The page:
BSU Students Launch Permaculture in Muncie
Faye Lichtsinn is a remarkable young woman who decided to make her local community more sustainable before she graduates. Only 20 years old and a student in the department of Natural Resources at Ball State University she was inspired by attending a Power Shift conference in Pittsburgh, PA October 18-21, 2013. This youth movement was designed to involve youth to shift priorities at every level of society, from local communities to the national government, in order to build “a stronger and more vibrant climate movement to fight fracking, divest from fossil fuels, demand climate justice, and build a clean energy economy that works for everyone” (http://www.wearepowershift.org/conference/powershift2013). After Faye attended some permaculture workshops/panel discussions at the conference she decided she could make a difference by becoming involved in sustainable local food production in Muncie and she created the Permaculture Initiative in November 2013. The term “permaculture” refers to the use of ecological design along with water resources management to develop regenerative and self-maintained habitats based on natural sustainable ecosystems. The low-impact permaculture model uses a no-dig philosophy. After removing weeds, a layer of cardboard/newspaper is placed on top of the soil to block the light from the weeds. Then mulch/compost/topsoil is placed on top of this for plant nutrients. After introducing the plants, the top of the mix is sprinkled with straw, grass clipping or leaves. (A few pictures of the construction of the garden and planting are shown below). The garden is planned with a mixture of annuals and perennials. In contrast to many modern agricultural methods, this diverse, natural no-dig growing system sustains a continuous cycle, with dead plants becoming mulch for new growth. Permaculture gardening seeks to recreate this cycle, turning food waste into valuable compost and replacing slug pellets, pesticides and weedkillers with natural predators.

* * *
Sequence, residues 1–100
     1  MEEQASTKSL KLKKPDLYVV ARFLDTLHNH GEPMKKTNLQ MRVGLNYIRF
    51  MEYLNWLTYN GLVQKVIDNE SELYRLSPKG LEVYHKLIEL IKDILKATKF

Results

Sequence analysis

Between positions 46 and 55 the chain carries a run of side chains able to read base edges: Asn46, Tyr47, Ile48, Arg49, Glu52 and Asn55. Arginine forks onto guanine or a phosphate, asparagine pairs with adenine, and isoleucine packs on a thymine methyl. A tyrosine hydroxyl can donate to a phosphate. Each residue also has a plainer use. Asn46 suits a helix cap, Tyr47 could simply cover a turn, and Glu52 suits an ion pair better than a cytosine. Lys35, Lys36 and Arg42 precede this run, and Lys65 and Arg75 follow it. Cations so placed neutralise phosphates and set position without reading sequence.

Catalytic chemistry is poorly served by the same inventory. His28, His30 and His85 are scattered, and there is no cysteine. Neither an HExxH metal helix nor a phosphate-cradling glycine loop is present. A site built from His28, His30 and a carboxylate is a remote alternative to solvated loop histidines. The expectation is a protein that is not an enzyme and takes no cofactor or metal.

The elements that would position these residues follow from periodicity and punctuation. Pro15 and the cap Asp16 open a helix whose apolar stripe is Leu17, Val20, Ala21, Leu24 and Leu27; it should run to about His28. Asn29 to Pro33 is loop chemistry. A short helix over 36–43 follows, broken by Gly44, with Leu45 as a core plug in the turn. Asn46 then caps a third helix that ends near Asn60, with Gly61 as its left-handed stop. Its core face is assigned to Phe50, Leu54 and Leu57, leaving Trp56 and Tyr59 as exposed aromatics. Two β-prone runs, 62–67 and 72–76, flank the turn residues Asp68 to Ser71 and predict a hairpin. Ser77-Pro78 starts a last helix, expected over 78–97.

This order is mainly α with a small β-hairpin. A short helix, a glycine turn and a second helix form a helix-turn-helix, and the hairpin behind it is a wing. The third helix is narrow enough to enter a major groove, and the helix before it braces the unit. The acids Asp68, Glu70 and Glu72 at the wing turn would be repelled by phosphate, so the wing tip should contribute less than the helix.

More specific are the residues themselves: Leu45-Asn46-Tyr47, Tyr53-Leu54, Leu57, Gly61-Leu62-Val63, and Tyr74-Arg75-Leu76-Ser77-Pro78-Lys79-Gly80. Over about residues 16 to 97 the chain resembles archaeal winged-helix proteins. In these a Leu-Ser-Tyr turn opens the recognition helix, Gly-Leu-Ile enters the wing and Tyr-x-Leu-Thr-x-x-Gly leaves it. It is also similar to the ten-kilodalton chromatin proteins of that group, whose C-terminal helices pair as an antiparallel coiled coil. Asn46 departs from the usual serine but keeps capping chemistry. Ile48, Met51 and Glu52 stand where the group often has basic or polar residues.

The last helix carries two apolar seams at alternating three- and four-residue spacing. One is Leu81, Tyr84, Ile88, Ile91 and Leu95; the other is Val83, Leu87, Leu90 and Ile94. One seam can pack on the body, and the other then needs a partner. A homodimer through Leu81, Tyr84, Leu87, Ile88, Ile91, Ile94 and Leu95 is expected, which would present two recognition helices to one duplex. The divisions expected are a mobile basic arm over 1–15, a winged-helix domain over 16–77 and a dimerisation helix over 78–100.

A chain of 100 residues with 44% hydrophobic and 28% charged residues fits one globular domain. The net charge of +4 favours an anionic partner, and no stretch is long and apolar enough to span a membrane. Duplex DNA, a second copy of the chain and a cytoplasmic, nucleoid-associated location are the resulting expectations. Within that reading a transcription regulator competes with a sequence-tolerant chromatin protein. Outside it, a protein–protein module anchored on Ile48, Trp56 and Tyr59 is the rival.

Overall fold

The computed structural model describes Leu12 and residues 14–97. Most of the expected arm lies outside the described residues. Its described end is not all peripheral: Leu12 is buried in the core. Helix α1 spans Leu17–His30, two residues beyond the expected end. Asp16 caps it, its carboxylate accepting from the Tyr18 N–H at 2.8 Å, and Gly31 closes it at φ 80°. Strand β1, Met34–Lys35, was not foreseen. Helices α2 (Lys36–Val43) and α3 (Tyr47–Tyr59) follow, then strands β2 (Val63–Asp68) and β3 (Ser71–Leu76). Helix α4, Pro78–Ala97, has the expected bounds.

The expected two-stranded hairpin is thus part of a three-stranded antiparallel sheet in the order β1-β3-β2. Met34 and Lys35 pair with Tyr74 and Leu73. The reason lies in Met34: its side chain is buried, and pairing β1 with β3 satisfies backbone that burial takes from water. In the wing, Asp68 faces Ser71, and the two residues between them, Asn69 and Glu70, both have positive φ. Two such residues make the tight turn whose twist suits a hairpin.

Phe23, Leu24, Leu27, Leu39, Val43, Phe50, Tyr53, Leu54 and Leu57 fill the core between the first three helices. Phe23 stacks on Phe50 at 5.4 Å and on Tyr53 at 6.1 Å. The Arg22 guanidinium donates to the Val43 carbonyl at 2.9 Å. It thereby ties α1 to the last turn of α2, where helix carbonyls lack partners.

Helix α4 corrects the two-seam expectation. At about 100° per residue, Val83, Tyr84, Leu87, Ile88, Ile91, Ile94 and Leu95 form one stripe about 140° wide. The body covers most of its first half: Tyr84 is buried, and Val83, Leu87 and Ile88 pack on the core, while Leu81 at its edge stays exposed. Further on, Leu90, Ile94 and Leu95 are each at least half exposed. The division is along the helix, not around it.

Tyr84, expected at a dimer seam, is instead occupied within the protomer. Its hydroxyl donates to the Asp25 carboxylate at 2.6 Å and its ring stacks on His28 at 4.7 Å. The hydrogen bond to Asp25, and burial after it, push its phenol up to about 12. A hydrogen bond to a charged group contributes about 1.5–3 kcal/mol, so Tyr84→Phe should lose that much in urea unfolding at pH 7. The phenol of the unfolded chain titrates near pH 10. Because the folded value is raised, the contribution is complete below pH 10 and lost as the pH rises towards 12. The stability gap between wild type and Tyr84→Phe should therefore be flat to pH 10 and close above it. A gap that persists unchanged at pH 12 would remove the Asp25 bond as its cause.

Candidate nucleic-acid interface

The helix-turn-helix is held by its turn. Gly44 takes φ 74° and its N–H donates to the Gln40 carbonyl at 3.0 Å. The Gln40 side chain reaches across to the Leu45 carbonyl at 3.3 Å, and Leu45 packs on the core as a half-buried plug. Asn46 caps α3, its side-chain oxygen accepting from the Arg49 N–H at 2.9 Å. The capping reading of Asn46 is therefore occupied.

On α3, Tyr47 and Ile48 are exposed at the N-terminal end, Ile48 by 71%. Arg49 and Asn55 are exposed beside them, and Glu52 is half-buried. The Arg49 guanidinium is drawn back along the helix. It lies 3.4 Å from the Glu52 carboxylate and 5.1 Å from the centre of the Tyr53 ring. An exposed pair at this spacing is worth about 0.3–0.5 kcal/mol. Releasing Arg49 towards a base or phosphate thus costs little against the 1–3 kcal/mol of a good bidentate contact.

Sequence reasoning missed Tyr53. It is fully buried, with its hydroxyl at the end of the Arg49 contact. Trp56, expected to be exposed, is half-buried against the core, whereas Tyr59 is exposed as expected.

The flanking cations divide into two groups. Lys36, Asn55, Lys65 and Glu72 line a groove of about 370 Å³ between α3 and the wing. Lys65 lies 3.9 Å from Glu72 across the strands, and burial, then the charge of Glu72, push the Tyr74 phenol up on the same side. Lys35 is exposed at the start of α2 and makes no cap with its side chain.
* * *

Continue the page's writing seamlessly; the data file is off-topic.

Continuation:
Faye became the lead coordinator of the Permaculture Initiative and recruited many of her friends and fellow students. She established weekly meetings (20-50 attending), coordinated participant research into permaculture practices over the winter and spring, developed a facebook page, organized a blog (thepermacultureinitiative.wordpress.com) and created an email list of 80 other interested individuals (firstname.lastname@example.org).
Summer 2014 the Permaculture Initiative group will be working at the Hults Envirnomental Learning Center at Ball State University and at the Minnetrista Cultural Center in Muncie to develop, maintain the food gardens using permaculture approaches and to instruct others in permaculture methods. Minnetrista Cultural Center houses artifacts and archival material detailing the history of East Central Indiana, promotes numerous educational and community activities and provides a refuge for diverse native Indiana plant and animal species. The food gardens developed and maintained by the Permaculture Initiative group will provide excellent educational experiences for university students, children and adults of the community. Thus, Faye has set the bar for the rest of us. What can we do now to make a sustainable difference in our communities?
Katlyn Faye Lichtsinn Natural Resources & Environmental Management, Major Anthropology, Major Sustainability, Minor; Spanish, Minor Ball State University email@example.com
Submitted by Carolyn Vann